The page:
What Is The Best Way To Recover From A Tough Mudder?

Mud runs have become increasingly popular in recent years, and for good reason! The 10-12 mile race is a tough test of mental and physical strength. After the mud run it’s important to rest up before you start training again. Here are some suggestions on how to recover from a Tough Mudder: 


Mudder, your approach may be “tough” (and TMHQ admires you for it), but when your muscles start to hurt, you need to ease up on the intensity. Light stretching comes to the rescue.

Dr. John Gallucci, Jr., PT, DPT, CEO of JAG-ONE Physical Therapy in Woodbridge, New Jersey, explains that mild stretching can help relieve muscle tension and restore range of motion. Try dynamic stretches like lunges, air squats, side lunges, or inch worms instead of getting into a pose and leaning into it until your muscles feel it. He notes that while this won’t speed up muscle repair, it will make you feel better as your body repairs.


You’ve probably started including additional upper-body workouts into your training to prepare for the Gauntlet and Funky Monkey. So, if your shoulders, traps, and triceps—not to mention all those small bleeping muscles you had never thought existed—are S-O-R-E, we understand.

To relieve achy, sore muscles, Dr. Gallucci recommends using a foam roller. Foam rolling can help break up tissue adhesions that occur during the muscle’s heal-and-repair phase, according to him. “It will also boost blood flow to the area, bringing nutrients and oxygen to the muscle fibers and hastening the healing process.” If you’ve never used a foam roller before, have a look at our instructions.

  • MOVE

It may appear counterintuitive. However, exercising when your muscles are sore has been demonstrated to help relieve those sore muscles, for the same reasons that foam rolling does. Exercise raises your body temperature and blood flow, bringing nourishment to your damaged muscles.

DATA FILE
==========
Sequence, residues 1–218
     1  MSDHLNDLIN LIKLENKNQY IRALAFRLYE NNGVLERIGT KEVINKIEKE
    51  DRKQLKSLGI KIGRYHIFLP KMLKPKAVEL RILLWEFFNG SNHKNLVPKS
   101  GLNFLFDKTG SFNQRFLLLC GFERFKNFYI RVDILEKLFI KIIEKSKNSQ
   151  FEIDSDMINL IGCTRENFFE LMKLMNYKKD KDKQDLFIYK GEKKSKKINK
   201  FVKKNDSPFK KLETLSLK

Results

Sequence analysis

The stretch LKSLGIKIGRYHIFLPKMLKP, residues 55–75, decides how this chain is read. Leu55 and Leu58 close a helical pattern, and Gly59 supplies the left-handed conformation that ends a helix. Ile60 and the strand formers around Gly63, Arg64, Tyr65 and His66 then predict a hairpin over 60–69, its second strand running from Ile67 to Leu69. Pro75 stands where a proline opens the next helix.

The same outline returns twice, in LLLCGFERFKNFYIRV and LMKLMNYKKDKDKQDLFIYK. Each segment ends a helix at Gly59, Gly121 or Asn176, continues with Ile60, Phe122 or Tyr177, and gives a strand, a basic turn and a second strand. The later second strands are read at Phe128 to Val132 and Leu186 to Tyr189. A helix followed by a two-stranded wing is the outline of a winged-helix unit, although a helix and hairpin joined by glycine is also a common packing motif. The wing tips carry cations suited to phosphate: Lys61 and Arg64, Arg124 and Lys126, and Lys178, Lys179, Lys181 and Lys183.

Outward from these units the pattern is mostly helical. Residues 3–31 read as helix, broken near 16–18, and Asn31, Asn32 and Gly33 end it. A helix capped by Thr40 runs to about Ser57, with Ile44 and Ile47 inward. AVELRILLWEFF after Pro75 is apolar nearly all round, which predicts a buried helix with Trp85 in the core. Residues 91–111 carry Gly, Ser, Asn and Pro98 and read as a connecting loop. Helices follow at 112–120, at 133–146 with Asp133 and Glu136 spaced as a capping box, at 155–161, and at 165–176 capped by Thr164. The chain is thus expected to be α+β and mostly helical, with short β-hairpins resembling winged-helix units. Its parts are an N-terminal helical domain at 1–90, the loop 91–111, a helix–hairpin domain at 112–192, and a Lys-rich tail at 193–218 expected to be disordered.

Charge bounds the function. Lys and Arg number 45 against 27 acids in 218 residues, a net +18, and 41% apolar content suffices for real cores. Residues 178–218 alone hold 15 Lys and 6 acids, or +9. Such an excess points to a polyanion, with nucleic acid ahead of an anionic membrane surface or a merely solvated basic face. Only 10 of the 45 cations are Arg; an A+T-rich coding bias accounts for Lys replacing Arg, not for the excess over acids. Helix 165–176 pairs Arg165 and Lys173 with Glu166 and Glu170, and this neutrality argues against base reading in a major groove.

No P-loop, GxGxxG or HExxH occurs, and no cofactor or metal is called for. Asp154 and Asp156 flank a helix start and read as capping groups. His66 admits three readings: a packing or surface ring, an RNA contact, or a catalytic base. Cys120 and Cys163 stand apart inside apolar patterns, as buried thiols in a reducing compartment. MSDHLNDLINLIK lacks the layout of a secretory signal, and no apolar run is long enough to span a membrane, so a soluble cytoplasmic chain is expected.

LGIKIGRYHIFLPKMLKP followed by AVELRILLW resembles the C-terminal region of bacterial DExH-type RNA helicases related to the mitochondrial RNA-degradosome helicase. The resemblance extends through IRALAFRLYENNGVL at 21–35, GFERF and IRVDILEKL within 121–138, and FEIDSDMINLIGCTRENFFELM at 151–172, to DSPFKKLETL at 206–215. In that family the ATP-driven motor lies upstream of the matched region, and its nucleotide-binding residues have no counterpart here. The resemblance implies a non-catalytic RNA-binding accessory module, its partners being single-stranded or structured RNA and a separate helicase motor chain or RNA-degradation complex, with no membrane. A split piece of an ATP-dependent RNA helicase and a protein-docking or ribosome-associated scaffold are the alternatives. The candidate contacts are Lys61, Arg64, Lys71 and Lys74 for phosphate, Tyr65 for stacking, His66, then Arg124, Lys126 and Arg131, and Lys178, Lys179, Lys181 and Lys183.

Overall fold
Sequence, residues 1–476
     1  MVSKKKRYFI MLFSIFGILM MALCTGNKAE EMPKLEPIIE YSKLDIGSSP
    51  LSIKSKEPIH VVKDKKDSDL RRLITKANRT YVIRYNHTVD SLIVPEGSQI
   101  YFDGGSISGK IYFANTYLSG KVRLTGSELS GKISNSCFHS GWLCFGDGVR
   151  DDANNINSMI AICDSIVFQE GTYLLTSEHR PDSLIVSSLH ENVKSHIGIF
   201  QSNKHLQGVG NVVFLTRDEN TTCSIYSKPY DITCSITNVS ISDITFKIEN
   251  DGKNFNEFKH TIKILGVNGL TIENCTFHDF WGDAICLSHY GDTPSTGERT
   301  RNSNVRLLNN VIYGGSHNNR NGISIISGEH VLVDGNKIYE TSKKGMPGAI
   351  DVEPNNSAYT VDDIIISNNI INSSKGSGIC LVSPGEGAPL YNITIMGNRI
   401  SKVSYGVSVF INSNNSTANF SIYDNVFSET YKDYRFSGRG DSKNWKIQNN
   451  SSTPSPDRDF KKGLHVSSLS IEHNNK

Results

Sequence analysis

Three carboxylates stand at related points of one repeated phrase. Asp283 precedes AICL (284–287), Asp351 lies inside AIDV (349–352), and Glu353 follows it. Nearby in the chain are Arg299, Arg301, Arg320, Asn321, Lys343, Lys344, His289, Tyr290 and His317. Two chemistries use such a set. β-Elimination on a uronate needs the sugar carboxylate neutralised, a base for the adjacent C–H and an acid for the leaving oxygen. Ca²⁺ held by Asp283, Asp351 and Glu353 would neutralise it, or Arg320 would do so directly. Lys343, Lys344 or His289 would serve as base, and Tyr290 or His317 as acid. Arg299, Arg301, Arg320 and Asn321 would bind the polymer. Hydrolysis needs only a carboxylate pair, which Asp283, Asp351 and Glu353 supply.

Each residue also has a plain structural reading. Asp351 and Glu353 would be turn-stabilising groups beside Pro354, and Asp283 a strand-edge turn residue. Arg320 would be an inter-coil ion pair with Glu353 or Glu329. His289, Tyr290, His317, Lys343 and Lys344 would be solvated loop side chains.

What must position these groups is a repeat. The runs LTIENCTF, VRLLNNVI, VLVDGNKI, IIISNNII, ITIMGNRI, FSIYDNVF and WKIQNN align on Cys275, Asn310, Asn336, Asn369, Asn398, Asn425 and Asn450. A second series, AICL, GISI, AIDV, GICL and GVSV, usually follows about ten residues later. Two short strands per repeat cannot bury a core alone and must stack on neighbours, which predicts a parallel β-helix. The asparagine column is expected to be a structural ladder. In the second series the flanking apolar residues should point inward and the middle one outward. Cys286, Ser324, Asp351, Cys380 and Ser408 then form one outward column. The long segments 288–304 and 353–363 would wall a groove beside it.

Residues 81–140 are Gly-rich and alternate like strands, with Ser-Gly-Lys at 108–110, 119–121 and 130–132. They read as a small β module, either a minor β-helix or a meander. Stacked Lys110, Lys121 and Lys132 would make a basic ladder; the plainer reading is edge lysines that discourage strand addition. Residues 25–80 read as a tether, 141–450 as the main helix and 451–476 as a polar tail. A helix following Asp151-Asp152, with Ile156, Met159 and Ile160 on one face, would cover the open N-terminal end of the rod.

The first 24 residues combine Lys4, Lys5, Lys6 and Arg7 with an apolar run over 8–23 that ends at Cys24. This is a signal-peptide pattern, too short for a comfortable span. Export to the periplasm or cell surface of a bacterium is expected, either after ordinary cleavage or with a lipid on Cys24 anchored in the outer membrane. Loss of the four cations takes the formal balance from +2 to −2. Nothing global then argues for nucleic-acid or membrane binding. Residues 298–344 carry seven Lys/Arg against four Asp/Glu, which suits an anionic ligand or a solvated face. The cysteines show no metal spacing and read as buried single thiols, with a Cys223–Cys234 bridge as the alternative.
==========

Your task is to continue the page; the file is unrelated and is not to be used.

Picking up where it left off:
Just be careful not to overdo it. “You want to perform something light that will raise your heart rate without stressing your already sore muscle fibers,” he explains. Consider a park walk, a jog, a mild yoga class, or a recovery swim. Save the full-fledged HIIT workouts for when the pain isn’t as bad.


You shouldn’t sleep any more than we don’t skimp on mud. You are aware of this. Of course, this isn’t always doable, but when your muscles require extra rest, those 8+ hours are critical. “Muscle healing is aided by good sleep,” says Dr. Gallucci.


When it comes to muscle aches and pains, you’ve certainly heard a lot of conflicting advice regarding whether to use heat or ice. Well, according to Dr. Gallucci, both have advantages. The case for heat: “Using heat, such as a heating pad or a warm bath, raises the temperature of your muscles and blood flow to the muscle, bringing oxygenated blood with healing characteristics to the sore area,” he explains.


Woo woo obstacle racers, it’s time to take out the essential oils. “Lavender and peppermint essential oils have great anti-inflammatory properties,” says Padgett. Add a few drops of each mixed with coconut oil for a soothing DIY aromatherapy massage that rejuvenates your muscles after an intense race!


No, we’re not referring to the ginger-colored beverage that awaits you at the conclusion of the course. H2O is what we’re talking about. According to Dr. Gallucci, “the body requires water to wash away the toxins and waste that the body releases during the muscle mending process.” “And studies have shown that dehydrated muscles are more prone to be painful after exercise.” He emphasizes that being hydrated before, during, and after exercise can help to reduce the severity of pain.